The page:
We all know about the necessity of comic timing. But comic space is equally important. Lubitsch often makes a joke out of suddenly changing the way we view something. For example, we see from the side-view Nucki and Josef hurriedly tidying their little apartment, and then when they finally allow the matchmaker to enter, we switch to the angle from the doorway, and are suddenly hit with the inventively effective makeshift throne room they have thrown together. But Lubitsch's greatest and most unique moments are the ensemble gags. You see, if Mister Quaker had one servant following him around wiping his nose and carrying his cup of tea, it might be kind of funny. But to have four identically dressed servants trotting after him, each one doing a different menial task, is hilarious. The jewel in the Oyster Princess's crown has to be the "foxtrot epidemic" which is absolutely beautiful in its precise comic construction.

Lubitsch has melded this thing from the most wonderful of components. Writer Hanns Kraly has given him a tight and fast moving plot, ideal for the lightning supply of gags (apparently in their many collaborations Lubitsch would get the basic idea for a story, and Kraly would shape it into something workable). The Oyster Princess is a particularly absurd spin on a well-known theme – a marriage of convenience between nouveau riche and bankrupt aristocracy. There's also a dash of Cinderella thrown in, with Josef's impersonation of Prince Nucki making him the Dandini figure. These are familiar themes, and thus ones easy for Lubitsch to tweak into crazed but affectionate parody.

And the cast, while not quite the attention-holding clowns that formed the centre of Hollywood silent comedy, are all competent at their game and worthy of a chuckle. Harry Liedtke pratfalls nicely and does an amusing drunk act. He has a great face for a comedy lead man; handsome, but with his wide eyes looking perpetually a little sick or worried. Ossi Oswalda was one thing the US didn't have – a young and pretty female comic lead who is actually comical in her own right. The possible exception to this would be Mabel Normand, but even she didn't get stuck into these roles the way Ossi does. Oswalda's spoilt brat act is absolutely priceless. Meanwhile Julius Falkenstein is delightfully playful, and Victor Janson's stone-faced pessimism is almost reminiscent of Keaton.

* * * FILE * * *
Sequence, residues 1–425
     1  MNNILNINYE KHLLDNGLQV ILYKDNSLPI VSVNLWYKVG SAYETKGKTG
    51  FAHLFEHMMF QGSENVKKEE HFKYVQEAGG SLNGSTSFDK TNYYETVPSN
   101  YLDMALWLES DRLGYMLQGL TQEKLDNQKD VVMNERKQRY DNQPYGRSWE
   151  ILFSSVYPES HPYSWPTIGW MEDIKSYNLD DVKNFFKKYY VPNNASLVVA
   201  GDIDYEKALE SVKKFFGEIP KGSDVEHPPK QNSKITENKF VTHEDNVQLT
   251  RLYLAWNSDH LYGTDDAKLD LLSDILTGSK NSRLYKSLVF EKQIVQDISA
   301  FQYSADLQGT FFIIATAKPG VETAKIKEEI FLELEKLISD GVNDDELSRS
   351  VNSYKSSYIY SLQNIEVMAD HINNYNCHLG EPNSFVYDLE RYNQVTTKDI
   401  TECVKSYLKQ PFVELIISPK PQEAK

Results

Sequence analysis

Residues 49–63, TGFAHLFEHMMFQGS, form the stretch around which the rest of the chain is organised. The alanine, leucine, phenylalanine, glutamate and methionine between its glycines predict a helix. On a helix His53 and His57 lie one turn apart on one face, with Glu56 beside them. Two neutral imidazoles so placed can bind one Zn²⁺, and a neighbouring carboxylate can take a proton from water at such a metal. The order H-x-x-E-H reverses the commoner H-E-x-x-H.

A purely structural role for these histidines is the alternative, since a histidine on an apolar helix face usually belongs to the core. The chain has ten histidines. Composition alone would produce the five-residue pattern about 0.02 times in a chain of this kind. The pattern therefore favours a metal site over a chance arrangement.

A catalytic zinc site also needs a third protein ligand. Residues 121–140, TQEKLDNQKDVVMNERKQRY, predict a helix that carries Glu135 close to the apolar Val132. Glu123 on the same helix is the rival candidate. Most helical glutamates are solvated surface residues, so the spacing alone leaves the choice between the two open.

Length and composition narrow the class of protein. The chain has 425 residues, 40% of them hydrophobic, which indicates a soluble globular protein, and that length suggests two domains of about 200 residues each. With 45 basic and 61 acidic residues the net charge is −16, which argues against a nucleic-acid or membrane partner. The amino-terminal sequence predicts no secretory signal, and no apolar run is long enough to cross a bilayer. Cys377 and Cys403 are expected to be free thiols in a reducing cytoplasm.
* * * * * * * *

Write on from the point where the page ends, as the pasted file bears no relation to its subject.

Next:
Pictures like the Oyster Princess may be a far cry from the "sophisticated" bedroom comedies of the 1930s for which Lubitsch is best known, but they have a "Lubitsch touch" of a very different kind, that of the bizarre, the over-the-top; the touch of a unique and inspired comic genius. And who says the Germans have no sense of humour?

Was the above review useful to you?
See more (13 total) »

Message Boards

Discuss this movie with other users on IMDb message board for My Lady Margarine (1919)

Recommendations

If you enjoyed this title, our database also recommends:
- - - - -
The Hangover The Rules of the Game Much Ado About Nothing Penelope The House of Mirth
IMDb User Rating:
IMDb User Rating:
IMDb User Rating:
IMDb User Rating:
IMDb User Rating:
Show more recommendations

Related Links

Full cast and crew Company credits External reviews
IMDb Comedy section IMDb Germany section

You may report errors and omissions on this page to the IMDb database managers. They will be examined and if approved will be included in a future update. Clicking the 'Edit page' button will take you through a step-by-step process.